Hybrid approach brings COTS to power supplies

Sept. 1, 1998
Those who build devices to regulate the flow of electricity in sophisticated new military and aerospace systems are discovering that COTS is a hot new commodity that is taking the place of the old standby custom parts.

Those who build devices to regulate the flow of electricity in sophisticated new military and aerospace systems are discovering that COTS is a hot new commodity that is taking the place of the old standby custom parts.

By John Rhea

alue added power supplies" is how Howard Wasserman, president of Lambda Novatronics in Pompano Beach, Fla., describes the growing trend toward hybrid approaches to the design of power supplies for military and high-rel applications. The idea, he explains, is to enable system designers to avoid the high costs of custom designs without locking themselves into standard devices that do not quite meet their needs.

The standard vs. custom controversy, long a feature of the semiconductor industry, was muted in the past for power supplies. The many different voltages, form factors, and other special needs dictated a preference for custom designs despite their greater costs. Now, with the Defense Department demanding commercial off-the-shelf (COTS) solutions, power supply makers are moving toward compromise methods by which the units can be assembled out of a few basic building blocks - often called "bricks" in the business - and tailored to users` needs.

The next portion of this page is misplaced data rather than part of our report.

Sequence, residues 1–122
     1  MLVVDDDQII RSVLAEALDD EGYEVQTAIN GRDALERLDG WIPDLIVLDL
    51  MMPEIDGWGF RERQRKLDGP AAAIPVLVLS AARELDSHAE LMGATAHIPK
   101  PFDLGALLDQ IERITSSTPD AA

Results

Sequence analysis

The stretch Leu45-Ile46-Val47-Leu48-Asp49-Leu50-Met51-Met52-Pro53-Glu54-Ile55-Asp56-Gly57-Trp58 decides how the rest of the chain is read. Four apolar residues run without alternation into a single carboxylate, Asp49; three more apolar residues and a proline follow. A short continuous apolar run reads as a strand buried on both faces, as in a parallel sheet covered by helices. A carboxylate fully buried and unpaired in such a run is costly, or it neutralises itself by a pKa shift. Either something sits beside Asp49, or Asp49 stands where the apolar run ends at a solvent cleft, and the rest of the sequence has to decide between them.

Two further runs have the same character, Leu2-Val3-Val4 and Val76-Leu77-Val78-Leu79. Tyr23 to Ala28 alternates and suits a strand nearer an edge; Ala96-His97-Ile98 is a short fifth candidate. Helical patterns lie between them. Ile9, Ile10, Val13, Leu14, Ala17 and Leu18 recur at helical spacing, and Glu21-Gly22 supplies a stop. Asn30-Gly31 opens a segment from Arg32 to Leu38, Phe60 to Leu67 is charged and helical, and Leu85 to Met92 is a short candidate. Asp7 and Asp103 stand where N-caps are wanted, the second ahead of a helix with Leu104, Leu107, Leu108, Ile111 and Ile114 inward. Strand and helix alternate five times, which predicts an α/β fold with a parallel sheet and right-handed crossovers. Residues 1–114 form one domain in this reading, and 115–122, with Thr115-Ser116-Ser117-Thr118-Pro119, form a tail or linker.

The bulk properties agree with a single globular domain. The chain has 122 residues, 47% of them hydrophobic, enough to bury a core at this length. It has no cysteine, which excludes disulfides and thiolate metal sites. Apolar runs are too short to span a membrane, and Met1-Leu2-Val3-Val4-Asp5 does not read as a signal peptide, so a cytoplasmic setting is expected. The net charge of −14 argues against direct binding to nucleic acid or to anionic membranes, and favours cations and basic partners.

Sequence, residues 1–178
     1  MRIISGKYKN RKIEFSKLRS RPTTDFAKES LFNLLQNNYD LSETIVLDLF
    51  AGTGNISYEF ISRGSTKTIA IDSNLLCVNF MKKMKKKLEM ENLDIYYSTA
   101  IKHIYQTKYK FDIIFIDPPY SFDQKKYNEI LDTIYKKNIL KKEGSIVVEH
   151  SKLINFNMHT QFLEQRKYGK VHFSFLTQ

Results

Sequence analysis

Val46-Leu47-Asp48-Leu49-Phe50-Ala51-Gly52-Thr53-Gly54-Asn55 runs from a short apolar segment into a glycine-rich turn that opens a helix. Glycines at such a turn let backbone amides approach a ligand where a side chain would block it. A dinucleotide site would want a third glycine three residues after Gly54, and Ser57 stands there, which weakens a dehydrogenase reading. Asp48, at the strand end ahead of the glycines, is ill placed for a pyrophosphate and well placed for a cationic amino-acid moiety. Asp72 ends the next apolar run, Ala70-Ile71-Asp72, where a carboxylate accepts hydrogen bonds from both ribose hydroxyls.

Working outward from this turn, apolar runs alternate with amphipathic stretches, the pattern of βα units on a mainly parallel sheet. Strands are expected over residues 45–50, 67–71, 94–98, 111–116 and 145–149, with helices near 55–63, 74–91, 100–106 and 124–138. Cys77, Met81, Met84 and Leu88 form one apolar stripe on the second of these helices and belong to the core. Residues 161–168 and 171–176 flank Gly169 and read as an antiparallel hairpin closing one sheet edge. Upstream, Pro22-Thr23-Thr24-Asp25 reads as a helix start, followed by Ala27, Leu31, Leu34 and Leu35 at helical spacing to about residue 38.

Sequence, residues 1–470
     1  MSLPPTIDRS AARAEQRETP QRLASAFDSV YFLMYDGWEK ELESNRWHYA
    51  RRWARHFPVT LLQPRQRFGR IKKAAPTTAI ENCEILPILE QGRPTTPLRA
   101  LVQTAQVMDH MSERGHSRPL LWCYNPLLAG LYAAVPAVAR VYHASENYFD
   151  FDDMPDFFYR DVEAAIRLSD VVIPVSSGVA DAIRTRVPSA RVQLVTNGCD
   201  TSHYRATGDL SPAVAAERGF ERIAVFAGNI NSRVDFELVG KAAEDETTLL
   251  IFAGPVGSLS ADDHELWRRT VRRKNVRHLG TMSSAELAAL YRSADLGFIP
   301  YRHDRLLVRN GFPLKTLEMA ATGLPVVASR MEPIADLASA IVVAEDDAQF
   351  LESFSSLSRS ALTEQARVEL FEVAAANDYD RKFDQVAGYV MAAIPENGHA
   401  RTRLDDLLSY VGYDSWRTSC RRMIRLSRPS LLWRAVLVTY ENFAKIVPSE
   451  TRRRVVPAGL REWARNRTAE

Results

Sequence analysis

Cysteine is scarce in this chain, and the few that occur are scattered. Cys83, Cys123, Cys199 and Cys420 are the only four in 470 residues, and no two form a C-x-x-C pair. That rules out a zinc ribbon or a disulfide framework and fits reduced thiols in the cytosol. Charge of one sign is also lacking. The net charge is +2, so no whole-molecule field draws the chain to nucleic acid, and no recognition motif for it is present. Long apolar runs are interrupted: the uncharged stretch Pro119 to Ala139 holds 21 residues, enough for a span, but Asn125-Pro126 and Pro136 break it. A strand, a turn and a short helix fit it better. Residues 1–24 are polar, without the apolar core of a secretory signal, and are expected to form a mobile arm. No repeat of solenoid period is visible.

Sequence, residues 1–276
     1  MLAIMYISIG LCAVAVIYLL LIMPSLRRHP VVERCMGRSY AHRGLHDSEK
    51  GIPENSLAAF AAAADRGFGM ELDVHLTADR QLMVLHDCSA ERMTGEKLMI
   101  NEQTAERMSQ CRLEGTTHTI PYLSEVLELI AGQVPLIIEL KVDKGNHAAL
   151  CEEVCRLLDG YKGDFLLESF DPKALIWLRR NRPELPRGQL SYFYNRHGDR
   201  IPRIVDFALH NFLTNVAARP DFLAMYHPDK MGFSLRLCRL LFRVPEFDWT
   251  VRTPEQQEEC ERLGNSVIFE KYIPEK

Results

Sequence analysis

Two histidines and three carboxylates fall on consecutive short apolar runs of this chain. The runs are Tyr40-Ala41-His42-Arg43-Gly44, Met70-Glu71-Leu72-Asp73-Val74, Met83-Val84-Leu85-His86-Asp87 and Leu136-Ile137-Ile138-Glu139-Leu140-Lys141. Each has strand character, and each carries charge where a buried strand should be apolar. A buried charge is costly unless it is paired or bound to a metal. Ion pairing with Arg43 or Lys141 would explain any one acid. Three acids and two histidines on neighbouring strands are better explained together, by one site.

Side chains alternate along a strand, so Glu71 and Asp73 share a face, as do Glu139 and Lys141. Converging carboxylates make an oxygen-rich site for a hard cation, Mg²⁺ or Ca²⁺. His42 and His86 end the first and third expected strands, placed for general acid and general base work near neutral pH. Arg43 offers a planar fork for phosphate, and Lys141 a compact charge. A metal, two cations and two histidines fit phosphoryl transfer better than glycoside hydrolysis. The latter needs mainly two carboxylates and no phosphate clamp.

"Standard isn`t going to fly very often because everybody wants to have his cake and eat it too," Wasserman comments. "They embrace the concept but they`re not going to give up on their requirements." He should know. Until recently, Lambda Novatronics sold only custom supplies, and they are used in such platforms as the F-16, F/A-18, and F-22 jet fighters, M1 Abrams tank, and U.S. Navy Arleigh Burke-class destroyer (DDG-51). Company leaders have since moved toward a few standard modules, such as DC-DC converters, high-power modules, and VME power supplies, that can be configured to hundreds of different output voltages. Lambda Novatronics officials offer 11 of these base models, and plan to add five to seven a year, says Brian Haney, marketing manager for standard products.

An example is the company`s new MIL-VME-28 series, a line of conduction-cooled ruggedized COTS 160-watt power supplies with a 6U format that operate from a 28 volt DC input and sell for about $1,500. Users can mix and match the units for a variety of output voltages, and they can also get them quickly. Wasserman estimates that prototypes can be available in three weeks - about the time it takes to negotiate the contract for them.